San Marcos Mercury | Local News from San Marcos and Hays County, Texas

STAFF REPORT

The “real” season begins now for the San Marcos High School football team, and it starts in a very real way. And a real tough way.

The Rattlers begin their District 25-5A schedule Friday night at Smithson Valley. And because San Marcos hasn’t been a playoff contender in several years, it might be worthwhile to review the drill: The district includes six teams, the top four of which will advance to the playoffs. In the next five weeks, each team in the district will play each other to determine those final standings.

The Rattlers haven’t won a game in their district in nearly four years, since Nov. 6, 2009, a 51-31 win against Seguin. But they are 3-2 outside of their district in 2013 and they figure to at least be in a dog fight for the fourth position in District 25-5A, if not some place higher.

The Rattlers are coming off a game that might be described as “a teaching moment,” a 51-7 loss to Steele at Bobcat Stadium on Sept. 26. Steele, ranked No. 4 in Class 5A by Texas Football, took a 28-0 lead less than 90 seconds into the second period and totaled 555 yards for the night.

The good news for the Rattlers is that they had a bye last week, so they had had two weeks on their practice field to bounce back, get themselves coached up and learn ever more about themselves before they take on the playoff chase.

The bad news, perhaps, is that Smithson Valley, ranked 11th, also didn’t play last week. But the Rattlers have had quite a different experience than the Rattlers. The Rangers are 5-0, winning every game by at least three touchdowns.

Smithson Valley has a variety of weapons to its offense, but it all revolves around quarterback Garrett Smith, an accurate passer and dangerous runner. As a passer, Smith has completed 62 of 86 passes (72.1 percent) for 969 yards (a rich 11.27 yards per attempts) and 12 touchdowns against no interceptions.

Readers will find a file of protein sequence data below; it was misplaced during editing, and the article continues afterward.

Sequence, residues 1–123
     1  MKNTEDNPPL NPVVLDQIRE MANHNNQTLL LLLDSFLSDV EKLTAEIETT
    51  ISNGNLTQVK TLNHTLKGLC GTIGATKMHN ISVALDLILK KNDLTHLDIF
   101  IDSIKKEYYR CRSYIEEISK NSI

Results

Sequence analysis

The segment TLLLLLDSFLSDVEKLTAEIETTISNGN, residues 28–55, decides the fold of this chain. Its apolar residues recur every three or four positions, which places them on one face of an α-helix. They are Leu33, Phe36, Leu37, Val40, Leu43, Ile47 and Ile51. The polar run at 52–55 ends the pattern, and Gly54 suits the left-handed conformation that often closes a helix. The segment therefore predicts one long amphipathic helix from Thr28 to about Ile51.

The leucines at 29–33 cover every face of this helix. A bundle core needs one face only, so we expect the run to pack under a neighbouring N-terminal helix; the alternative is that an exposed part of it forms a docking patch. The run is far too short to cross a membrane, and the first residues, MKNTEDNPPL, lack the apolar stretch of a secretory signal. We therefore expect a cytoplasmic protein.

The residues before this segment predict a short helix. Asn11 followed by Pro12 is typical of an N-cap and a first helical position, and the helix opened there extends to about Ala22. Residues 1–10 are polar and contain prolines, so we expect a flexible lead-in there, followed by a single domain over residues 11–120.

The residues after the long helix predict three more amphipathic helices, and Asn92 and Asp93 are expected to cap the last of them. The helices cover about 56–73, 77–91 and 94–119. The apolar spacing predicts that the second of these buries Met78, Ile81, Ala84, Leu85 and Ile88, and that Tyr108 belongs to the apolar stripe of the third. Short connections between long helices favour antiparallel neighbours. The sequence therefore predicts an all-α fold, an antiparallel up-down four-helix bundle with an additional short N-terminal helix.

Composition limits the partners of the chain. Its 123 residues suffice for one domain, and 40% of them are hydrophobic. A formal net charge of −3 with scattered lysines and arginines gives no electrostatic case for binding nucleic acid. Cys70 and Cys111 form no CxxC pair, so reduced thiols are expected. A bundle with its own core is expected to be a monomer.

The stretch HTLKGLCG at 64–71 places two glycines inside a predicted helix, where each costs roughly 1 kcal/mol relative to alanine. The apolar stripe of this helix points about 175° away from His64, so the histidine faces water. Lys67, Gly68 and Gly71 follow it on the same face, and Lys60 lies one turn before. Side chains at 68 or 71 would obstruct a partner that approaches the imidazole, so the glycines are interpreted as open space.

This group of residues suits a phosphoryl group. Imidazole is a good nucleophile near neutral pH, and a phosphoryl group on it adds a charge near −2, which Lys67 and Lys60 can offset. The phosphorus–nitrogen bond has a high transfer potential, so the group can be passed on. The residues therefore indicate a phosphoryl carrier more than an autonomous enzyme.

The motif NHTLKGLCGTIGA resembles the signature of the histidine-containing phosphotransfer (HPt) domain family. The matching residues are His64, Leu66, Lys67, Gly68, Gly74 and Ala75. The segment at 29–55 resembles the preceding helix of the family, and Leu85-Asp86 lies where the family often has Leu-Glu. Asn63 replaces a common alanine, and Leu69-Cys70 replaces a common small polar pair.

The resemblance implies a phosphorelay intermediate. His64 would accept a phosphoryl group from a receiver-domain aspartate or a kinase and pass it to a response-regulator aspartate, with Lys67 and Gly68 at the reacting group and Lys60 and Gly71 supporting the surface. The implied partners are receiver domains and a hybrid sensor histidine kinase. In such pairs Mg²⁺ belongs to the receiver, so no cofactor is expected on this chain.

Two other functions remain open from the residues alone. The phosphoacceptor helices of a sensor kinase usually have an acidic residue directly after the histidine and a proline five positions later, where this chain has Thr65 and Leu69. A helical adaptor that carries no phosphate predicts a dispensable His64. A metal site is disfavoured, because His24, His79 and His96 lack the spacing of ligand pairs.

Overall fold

If the Rattlers merely needed to guard against Smith’s passing, that would be challenge enough. But Smith also is second in District 25-5A rushing with 491 yards. And Smithson Valley running back Cameron Jones is third in the district with 435 rushing yards.

Balance on offense is Smithson Valley’s calling card. The Rangers have 1,190 rushing yards and 1,145 passing yards. There’s simply nowhere for the San Marcos defense to cheat against a Smithson Valley team averaging 467.0 yards per game in total offense.

Can the Rattlers keep the ball away from Smithson Valley, take a little air out of it, slow the game down? Smithson Valley has given up some points, 17.2 per game. However, those points tend to come in garbage time, and garbage time in its games tends to start early, usually before halftime.

Like Smithson Valley, the Rattlers offense revolves around their quarterback, and their quarterback is named Smith. Tucker Smith is third in the district with 920 passing yards, completing 75 of 115 attempts (65.22 percent). Smith also leads the Rattlers in rushing with 307 yards.

This little tale of the tape tells us that Friday is shaping up as a very challenging night for the Rattlers. Should it go badly, their season still is very much alive. Should it go well, their season is looking better than ever.

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